This is the final installment of the #TwendeUshago Loiyangalani series. #TwendeUshago is an activation by the Kenya Tourism Board (KTB) that urges Kenyans to visit their rural areas and share what they love about their respective hometowns. In the Loiyangalani series, I have shown you our journey to the 19th to 21st May 2016 Marsabit-Lake Turkana Festival. The festival is always set in Loiyangalani, a budding town on the southern Coast of Lake Turkana.
The festival was put in place to strengthen ties among communities in Northern Kenya, many of whom have been at war with each other for several years. The feud is so bad between the Pokot and the Samburu, that if one of the two tribes shows up at the festival, the other isn’t likely to.
I have told you tales of the staff at Bomen Hotel Ltd Isiolo, I have shown you the beauty of Marsabit National Park, I have shared with you the gem that is Nomads Trail Hotel Marsabit and the food calamity that may await you in the Desert Oasis I call Malabo Resort Loiyangalani. Here, I will share with you the Faces of Northern Kenya. Northern Kenya is largely occupied by Cushitic-speaking tribes such as the Gabbra, Dassanach, Samburu, Somali, Oromo etc. How many cushites can you name?
Lemayian (left) is pictured here on his camel Lekaur. And is it just me or does Lekaur look like he’s smiling? He must be happy to see he has some fans. After all, he is the current Maralal Camel Derby champion. We met Lemayian and his friends on our way to Marsabit a few kilometres past Isiolo town where he was out training for this year’s camel derby. Lemaiyan’s advice to us, “A man always names his camel”.
Somewhere in the desert, we got a glimpse of a herd of camels grazing. I have never seen this many camels in my life. The herd had more than 50 camels.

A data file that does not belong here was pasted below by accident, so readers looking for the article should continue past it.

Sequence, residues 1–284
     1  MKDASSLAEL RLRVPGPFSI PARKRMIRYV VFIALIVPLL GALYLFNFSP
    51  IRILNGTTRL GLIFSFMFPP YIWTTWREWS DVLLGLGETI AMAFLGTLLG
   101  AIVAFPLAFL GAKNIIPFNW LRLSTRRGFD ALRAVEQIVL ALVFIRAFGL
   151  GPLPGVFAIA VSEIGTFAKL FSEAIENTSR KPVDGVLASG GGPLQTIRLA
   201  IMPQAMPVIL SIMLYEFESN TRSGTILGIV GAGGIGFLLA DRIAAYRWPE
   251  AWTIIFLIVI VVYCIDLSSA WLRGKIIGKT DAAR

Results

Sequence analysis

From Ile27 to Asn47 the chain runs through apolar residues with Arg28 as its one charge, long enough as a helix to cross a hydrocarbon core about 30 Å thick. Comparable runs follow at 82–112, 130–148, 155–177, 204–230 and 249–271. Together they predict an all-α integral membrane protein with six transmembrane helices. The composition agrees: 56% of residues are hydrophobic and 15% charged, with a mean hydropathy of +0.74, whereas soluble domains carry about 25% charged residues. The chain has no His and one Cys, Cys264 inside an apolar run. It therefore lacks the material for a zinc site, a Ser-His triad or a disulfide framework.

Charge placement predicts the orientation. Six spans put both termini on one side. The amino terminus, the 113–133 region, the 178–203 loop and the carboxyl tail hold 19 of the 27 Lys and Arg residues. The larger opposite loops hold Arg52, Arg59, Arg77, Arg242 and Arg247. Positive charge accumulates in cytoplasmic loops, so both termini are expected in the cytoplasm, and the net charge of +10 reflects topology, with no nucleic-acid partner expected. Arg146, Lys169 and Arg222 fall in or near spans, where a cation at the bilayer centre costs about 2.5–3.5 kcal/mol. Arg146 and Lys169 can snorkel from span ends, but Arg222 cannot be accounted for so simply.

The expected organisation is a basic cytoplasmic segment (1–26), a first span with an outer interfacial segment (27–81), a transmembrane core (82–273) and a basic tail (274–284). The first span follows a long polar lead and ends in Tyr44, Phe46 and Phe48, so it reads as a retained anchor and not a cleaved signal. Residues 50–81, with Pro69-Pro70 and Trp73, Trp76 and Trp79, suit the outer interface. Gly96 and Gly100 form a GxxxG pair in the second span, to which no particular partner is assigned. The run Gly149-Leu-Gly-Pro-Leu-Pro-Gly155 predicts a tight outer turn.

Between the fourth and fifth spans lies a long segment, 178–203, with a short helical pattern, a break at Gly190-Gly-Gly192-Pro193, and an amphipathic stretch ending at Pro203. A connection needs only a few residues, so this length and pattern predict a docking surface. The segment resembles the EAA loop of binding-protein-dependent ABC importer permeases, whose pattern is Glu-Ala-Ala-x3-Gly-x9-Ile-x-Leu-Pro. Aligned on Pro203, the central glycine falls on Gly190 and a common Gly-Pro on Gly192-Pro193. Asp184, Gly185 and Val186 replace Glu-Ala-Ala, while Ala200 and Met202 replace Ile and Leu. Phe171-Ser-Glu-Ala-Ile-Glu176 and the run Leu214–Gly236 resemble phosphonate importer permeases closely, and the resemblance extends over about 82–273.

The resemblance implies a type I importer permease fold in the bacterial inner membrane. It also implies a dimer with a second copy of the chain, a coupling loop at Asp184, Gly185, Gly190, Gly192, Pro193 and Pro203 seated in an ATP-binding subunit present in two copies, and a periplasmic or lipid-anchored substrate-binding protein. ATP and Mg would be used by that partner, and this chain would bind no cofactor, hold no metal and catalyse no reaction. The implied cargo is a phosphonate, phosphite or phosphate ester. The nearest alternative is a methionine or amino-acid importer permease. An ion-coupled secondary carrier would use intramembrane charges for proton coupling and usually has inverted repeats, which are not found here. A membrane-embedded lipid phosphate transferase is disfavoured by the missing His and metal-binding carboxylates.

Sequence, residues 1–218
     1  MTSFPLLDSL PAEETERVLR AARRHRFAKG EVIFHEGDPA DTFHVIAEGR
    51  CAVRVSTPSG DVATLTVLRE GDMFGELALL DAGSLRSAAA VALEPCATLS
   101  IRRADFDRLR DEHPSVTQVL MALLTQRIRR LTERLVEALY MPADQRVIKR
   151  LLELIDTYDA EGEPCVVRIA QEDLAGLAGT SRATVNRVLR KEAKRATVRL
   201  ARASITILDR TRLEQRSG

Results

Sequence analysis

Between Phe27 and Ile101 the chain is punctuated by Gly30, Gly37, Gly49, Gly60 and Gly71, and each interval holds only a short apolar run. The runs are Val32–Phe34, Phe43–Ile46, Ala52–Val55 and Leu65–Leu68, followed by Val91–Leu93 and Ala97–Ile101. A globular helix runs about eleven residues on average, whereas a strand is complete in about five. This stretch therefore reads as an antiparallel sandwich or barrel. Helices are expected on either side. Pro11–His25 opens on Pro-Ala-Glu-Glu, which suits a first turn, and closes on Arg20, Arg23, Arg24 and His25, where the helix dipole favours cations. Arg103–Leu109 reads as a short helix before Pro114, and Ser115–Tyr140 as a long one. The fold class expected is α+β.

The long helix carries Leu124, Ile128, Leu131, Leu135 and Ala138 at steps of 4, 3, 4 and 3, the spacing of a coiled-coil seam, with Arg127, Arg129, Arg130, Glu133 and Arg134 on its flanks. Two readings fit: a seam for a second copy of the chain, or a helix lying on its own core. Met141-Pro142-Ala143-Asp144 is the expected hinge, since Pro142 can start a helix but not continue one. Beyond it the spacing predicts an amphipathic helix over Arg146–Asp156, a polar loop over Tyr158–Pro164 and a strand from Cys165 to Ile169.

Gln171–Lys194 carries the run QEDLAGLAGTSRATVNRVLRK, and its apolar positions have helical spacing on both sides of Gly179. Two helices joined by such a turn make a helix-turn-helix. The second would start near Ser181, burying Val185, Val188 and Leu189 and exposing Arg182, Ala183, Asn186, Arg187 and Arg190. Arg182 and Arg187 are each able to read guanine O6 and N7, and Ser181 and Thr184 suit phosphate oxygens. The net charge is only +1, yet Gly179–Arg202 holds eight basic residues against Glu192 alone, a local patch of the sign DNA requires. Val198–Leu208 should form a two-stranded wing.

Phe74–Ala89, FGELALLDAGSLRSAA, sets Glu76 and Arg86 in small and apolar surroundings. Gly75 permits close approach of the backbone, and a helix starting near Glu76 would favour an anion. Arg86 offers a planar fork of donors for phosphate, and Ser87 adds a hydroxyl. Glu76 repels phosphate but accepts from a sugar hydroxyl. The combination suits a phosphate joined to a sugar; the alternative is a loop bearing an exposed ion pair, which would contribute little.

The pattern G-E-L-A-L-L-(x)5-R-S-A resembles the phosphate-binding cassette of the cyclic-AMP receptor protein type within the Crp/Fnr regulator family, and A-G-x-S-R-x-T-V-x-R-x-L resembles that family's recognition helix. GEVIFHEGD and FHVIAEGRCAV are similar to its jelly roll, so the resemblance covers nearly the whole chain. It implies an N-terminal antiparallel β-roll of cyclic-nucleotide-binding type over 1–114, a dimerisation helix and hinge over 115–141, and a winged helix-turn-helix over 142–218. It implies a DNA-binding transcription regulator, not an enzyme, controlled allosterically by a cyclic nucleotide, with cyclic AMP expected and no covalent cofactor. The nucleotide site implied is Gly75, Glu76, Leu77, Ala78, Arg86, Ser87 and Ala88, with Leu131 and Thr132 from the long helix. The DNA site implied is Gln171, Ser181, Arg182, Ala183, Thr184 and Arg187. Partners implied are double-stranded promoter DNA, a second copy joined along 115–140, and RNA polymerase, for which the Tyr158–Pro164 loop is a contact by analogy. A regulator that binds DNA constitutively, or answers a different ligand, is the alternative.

This shepherd girl waves down the truck in hope of getting a bottle of water. It is around 11am, but it might as well be 3pm. The sun is angry today, like any other day in the desert.
She stares at the bottle of water in happy surprise, no doubt saying in her head “Wewe nitakumaliza!”– (You I will finish you).
Huts belonging to the Turkana built right beside the lake.
A Turkana girl seen fetching water at the lake.
Silhouettes of two young Turkana girls captured a few kilometres from Loiyangalani town.
The El-Molo children striking poses. The El-Molo are the smallest tribe in Kenya consisiting of 100 adults and 80 children. They have set up camp a bit far from Loiyangalani because they fear attacks by other communities. They live in isolation because of their low number.
One of the youngest El-Molo children. They are schooled by elders in the camp, but can join other children in the local school once they are old enough and if their parents can afford the school fees (500/- per term). Some of the children stay in school while others opt to become shepherds.
A young El-Molo girl just from her afternoon swim on the shores of Lake Turkana.
A group of El-molo kids posing by the lake and a shy boy with a killer pose in the background. The girl doing the thumbs up and ironically dressed in green is called Safaricom. She was born the day Safaricom set up their communications mast in Loiyangalani.
Larry’s hut is pictured here with the message “Happiness never comes to those who fail to appreciate what they already have.”
El-Molo women display their wares.
Gabbra women perform a dance among themselves during the 2016 Marsabit-Lake Turkana Festival. The festival tells the story of a group of communities and places in Kenya that are often ignored or talked about in tones of pity. The Faces of Northern Kenya tell the stories of people who have dared stay true to their culture, a people who are resilient in the face of aridity, a people whose energy cannot be contained. Much like the energy in this Gabbra woman’s hair.
You have to be there to feel the energy. You have to be there to hear the real stories. You have to visit Northern Kenya to get the true non-textbook experience.
Photos taken using LG Nexus 5